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Effect of gonadal steroid hormone levels during pubertal development on social behavior of adult mice toward pups and synaptic transmission in the rhomboid nucleus of the bed nucleus of the stria terminalis.

Authors
  • Fukui, Kiyoshiro1
  • Uki, Haruka1
  • Minami, Masabumi1
  • Amano, Taiju2
  • 1 Department of Pharmacology, Graduate School of Pharmaceutical Sciences, Hokkaido University, 060-081, Japan. , (Japan)
  • 2 Department of Pharmacology, Graduate School of Pharmaceutical Sciences, Hokkaido University, 060-081, Japan. Electronic address: [email protected] , (Japan)
Type
Published Article
Journal
Neuroscience letters
Publication Date
Aug 24, 2019
Volume
708
Pages
134357–134357
Identifiers
DOI: 10.1016/j.neulet.2019.134357
PMID: 31260727
Source
Medline
Keywords
Language
English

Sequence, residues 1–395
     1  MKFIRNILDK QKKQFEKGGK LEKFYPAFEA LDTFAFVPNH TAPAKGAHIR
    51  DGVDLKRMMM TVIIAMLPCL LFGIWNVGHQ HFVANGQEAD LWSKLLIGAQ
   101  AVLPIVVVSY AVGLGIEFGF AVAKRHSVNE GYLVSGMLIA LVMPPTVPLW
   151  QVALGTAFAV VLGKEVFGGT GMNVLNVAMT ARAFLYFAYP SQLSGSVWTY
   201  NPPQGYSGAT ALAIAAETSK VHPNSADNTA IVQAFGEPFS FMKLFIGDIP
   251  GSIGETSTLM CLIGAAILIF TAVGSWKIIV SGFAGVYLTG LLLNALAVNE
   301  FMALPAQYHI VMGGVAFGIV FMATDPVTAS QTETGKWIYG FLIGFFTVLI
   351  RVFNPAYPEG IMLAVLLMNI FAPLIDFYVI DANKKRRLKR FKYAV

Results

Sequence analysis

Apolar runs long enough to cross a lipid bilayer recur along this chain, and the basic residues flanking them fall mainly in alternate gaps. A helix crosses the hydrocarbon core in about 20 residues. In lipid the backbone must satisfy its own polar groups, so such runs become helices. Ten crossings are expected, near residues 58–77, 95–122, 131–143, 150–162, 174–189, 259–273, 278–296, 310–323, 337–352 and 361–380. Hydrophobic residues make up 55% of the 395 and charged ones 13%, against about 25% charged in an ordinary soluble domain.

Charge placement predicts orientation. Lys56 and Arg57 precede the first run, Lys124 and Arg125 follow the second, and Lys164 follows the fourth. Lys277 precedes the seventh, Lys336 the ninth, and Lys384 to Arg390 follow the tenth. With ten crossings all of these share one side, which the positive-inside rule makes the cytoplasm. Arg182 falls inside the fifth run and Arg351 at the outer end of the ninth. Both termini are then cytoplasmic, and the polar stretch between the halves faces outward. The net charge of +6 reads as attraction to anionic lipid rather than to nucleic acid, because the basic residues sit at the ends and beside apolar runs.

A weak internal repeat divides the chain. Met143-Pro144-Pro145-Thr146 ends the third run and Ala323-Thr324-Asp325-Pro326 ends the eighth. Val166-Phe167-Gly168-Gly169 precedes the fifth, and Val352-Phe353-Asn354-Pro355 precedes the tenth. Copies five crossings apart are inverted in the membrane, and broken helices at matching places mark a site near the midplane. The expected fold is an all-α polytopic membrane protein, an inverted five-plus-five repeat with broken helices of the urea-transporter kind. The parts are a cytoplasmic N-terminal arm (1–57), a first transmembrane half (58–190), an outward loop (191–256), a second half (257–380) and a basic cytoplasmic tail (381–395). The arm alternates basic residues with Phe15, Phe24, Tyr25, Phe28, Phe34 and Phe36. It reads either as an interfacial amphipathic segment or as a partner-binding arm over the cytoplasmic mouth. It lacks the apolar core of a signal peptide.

License
Unknown

Abstract

Sexually immature male mice exhibit parenting behavior toward unfamiliar pups; however, the percentage of males that engage in infanticidal behavior gradually increases with age. We previously reported that excitatory synaptic transmission of the rhomboid nucleus of the bed nucleus of the stria terminalis (BSTrh), a brain region implicated in infanticidal behavior, is reinforced during pubertal development. However, it remains unclear how gonadal steroid hormones mediate this behavioral transition and neural plastic change during pubertal development. Here we revealed that administration of either 17β-estradiol (E2) or 5α-dihydrotestosterone (DHT) to gonadectomized mice during pubertal development induced infanticidal behavior in adulthood (about 7 weeks old). Next, we performed whole-cell patch clamp recording in the BSTrh to study the effect of gonadal steroid hormones on neural synaptic transmission. We found that E2 but not DHT administration during pubertal development considerably enhanced excitatory synaptic transmission in the BSTrh by increasing the probability of excitatory neurotransmitter release from the presynaptic terminalis. These data suggest that reinforcement of excitatory synaptic transmission by estrogen-receptor-dependent signaling in the BSTrh during puberty may contribute to the development of infanticidal behavior. Copyright © 2019 Elsevier B.V. All rights reserved.

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